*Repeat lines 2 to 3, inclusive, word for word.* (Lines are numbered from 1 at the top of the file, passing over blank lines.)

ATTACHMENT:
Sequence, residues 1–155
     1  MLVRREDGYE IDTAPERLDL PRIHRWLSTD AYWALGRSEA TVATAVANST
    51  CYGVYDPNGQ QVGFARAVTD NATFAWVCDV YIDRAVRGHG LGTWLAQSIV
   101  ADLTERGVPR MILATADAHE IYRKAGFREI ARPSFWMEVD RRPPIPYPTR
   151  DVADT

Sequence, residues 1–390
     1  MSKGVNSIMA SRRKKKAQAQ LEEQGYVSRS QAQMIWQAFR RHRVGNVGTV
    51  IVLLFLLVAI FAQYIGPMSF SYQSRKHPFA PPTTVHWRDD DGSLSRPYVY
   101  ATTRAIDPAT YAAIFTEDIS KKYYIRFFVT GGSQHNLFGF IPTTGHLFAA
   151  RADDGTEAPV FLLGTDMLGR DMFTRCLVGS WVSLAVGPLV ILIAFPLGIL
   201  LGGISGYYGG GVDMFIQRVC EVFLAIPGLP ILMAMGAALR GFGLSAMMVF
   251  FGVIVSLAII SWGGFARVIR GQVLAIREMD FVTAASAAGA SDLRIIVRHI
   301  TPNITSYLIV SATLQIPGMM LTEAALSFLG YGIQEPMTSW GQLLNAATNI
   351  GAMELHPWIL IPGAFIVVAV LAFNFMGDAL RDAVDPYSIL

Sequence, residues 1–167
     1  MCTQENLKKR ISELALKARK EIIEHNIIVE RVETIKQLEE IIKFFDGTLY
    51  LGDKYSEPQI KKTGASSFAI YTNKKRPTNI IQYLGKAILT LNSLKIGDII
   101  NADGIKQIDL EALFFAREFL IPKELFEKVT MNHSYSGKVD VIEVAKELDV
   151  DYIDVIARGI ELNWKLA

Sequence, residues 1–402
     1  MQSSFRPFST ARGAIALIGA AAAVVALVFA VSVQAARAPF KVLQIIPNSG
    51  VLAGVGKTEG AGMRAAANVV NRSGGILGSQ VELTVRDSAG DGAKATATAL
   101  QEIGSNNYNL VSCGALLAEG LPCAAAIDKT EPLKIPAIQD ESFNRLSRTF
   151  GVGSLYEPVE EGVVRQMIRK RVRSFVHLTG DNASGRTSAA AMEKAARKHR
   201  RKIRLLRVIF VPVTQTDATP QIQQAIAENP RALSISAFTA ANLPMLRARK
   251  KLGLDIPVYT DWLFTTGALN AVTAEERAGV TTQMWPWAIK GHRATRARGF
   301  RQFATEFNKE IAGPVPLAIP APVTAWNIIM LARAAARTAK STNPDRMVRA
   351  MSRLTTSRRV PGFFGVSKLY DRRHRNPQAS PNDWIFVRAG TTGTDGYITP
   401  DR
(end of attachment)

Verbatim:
     1  MLVRREDGYE IDTAPERLDL PRIHRWLSTD AYWALGRSEA TVATAVANST
    51  CYGVYDPNGQ QVGFARAVTD NATFAWVCDV YIDRAVRGHG LGTWLAQSIV